Turkey’s liquefied natural gas imports saw a dramatic drop in the first half of the year, as LNG prices strongly rebounded to hit record highs in the international markets.
The LNG imports dropped 41.3% to 6 billion cubic meters (bcm) from January through June, according to the Energy Market Regulatory Authority (EPDK),
They accounted for 20% of Turkey’s total natural gas imports amounting to 30.3 bcm, surging 35% year-on-year through June.
A year ago, LNG imports amounted to 10.3 bcm, out of the total of 22.5 bcm of natural gas purchased in the first half of the year.
In the January-June period last year, LNG held a 45.7% share out of the country’s total natural gas imports.
Ali Arif Aktürk, a board member of Izmir Gaz, told Anadolu Agency (AA) that natural gas and LNG prices on international markets were lower last year due to cheaper oil prices.
He explained that Turkey's Petroleum Pipeline Company (BOTAŞ) imported a significant amount of LNG last year to benefit from low prices but this year prices worldwide hit record levels and this directly reflected on the country’s imports.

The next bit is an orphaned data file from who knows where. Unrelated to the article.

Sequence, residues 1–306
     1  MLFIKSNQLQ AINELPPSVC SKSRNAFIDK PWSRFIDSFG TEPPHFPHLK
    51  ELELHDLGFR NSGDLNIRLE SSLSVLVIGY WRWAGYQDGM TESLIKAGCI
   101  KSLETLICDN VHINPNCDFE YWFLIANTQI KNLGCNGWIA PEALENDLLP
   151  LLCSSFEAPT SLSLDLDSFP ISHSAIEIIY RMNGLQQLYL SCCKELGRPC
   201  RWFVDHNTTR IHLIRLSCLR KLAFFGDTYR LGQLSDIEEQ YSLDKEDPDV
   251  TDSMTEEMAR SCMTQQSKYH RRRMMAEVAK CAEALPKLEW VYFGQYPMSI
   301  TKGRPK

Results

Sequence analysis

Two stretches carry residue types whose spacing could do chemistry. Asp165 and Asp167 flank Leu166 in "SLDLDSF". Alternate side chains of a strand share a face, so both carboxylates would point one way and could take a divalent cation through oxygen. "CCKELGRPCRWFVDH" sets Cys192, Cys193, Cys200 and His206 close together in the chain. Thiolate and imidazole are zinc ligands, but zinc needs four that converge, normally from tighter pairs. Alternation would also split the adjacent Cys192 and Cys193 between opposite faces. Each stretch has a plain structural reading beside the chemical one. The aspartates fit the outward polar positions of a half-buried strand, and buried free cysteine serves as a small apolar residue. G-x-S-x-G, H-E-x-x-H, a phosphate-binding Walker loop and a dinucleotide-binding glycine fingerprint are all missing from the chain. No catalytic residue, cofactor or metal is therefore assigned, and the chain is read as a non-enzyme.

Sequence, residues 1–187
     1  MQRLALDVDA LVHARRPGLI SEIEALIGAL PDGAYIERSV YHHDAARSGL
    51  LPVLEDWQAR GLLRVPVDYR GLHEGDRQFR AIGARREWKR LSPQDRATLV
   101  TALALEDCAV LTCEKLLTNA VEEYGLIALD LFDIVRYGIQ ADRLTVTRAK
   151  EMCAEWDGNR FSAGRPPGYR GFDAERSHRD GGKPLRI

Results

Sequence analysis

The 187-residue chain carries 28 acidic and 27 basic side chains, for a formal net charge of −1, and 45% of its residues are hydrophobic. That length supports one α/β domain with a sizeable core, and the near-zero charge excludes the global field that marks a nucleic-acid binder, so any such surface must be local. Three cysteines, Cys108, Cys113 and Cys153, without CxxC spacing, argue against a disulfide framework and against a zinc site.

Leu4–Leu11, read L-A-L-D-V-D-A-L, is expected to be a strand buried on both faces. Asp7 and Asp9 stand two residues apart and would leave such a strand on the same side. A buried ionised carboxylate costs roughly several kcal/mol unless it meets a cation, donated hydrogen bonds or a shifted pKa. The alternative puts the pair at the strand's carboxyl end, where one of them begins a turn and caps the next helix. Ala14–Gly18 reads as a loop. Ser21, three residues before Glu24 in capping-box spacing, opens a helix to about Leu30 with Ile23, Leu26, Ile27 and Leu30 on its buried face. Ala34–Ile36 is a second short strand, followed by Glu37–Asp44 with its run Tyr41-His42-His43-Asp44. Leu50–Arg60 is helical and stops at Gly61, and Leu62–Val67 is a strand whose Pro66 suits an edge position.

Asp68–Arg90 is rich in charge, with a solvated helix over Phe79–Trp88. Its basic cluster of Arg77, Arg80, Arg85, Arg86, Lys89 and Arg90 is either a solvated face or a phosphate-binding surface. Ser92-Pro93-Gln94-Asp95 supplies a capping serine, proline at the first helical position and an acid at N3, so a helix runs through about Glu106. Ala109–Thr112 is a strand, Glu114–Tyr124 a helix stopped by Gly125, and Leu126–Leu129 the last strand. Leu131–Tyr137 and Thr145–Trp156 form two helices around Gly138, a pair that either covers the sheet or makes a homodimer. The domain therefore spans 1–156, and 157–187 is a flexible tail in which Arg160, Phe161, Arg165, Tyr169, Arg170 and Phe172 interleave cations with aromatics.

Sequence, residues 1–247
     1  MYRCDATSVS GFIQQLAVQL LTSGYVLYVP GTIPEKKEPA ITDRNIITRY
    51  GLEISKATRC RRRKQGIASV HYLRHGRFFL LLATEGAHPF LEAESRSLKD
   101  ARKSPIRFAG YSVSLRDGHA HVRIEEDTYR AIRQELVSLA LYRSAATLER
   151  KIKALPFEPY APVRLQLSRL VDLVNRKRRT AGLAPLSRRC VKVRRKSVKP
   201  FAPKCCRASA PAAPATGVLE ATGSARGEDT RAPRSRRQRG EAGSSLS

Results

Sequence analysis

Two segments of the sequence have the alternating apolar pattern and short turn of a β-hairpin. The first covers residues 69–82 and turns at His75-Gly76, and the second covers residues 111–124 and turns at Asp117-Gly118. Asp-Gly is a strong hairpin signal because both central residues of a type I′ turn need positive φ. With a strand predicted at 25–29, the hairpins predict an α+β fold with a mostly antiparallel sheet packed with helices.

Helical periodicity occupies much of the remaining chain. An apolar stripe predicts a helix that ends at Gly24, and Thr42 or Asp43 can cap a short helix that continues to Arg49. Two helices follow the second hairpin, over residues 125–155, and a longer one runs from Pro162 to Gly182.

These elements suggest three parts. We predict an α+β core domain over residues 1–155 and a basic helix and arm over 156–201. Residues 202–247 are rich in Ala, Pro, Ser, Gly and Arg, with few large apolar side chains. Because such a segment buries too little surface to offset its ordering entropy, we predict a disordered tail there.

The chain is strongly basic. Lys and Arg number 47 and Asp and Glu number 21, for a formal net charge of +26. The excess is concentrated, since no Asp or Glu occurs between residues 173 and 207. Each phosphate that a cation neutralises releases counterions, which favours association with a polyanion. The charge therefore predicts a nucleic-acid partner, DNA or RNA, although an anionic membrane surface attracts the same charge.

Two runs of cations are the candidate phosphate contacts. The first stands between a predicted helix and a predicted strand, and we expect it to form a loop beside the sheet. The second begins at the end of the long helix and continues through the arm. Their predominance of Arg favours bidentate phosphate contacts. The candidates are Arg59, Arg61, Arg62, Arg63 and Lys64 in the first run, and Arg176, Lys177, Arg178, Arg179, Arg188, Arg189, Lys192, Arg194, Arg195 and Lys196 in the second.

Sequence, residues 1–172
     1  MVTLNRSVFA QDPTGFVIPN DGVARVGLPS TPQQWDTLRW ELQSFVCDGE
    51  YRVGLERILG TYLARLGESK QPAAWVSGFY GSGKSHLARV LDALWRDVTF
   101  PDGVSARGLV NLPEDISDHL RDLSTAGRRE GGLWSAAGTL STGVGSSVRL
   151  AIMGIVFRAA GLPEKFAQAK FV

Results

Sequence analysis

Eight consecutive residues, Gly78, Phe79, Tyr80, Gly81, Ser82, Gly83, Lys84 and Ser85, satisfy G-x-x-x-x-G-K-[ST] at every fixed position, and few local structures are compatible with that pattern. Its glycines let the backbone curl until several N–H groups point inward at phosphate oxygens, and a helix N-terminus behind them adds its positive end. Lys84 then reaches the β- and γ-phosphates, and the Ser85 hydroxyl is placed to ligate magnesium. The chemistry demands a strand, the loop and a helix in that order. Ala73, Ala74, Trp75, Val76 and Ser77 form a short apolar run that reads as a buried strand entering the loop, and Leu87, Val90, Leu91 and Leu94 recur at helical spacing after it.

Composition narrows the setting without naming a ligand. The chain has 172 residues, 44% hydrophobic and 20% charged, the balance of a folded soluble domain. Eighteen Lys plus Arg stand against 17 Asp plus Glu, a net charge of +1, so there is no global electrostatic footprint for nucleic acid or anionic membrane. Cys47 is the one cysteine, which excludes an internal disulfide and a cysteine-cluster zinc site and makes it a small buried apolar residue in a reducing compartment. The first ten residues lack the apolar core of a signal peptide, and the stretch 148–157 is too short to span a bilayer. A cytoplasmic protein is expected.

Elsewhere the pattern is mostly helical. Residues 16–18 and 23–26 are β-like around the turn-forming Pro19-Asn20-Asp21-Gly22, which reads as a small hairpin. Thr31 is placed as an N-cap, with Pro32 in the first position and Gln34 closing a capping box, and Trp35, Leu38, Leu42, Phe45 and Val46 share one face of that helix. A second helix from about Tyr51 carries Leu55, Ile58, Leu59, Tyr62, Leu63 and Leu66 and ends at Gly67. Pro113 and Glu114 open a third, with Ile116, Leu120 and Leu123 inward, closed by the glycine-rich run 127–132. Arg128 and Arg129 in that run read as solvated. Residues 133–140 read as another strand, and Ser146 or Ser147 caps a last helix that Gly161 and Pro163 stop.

Last year, LNG prices hovered around $4.5-$5 per million British Thermal Unit (mmBtu), compared to around $13-14 per mmBtu this year. Higher oil prices, increasing carbon prices and demand in Europe due to the extremely hot weather conditions and growing consumption with the recovery from the pandemic led the record increase in prices, Aktürk said.
Oil prices climbed to as high as $75 a barrel after multiyear low levels.
Importing LNG both on long-term contracts and spot cargoes, Turkey received half of its LNG imports during the first half of this year through long-term contracts with Algeria, importing 3.1 billion cubic meters.
During this period, LNG imports from the U.S. fell by 11.5% down to 1.8 billion cubic meters, while Nigeria supplied Turkey’s remaining imports.
Qatar, one of the biggest suppliers to Turkey, did not supply any LNG during the first half of the year.
Aktürk surmised that a price level in the region of $7 to $9 would be ideal not to damage the market and enable production to continue.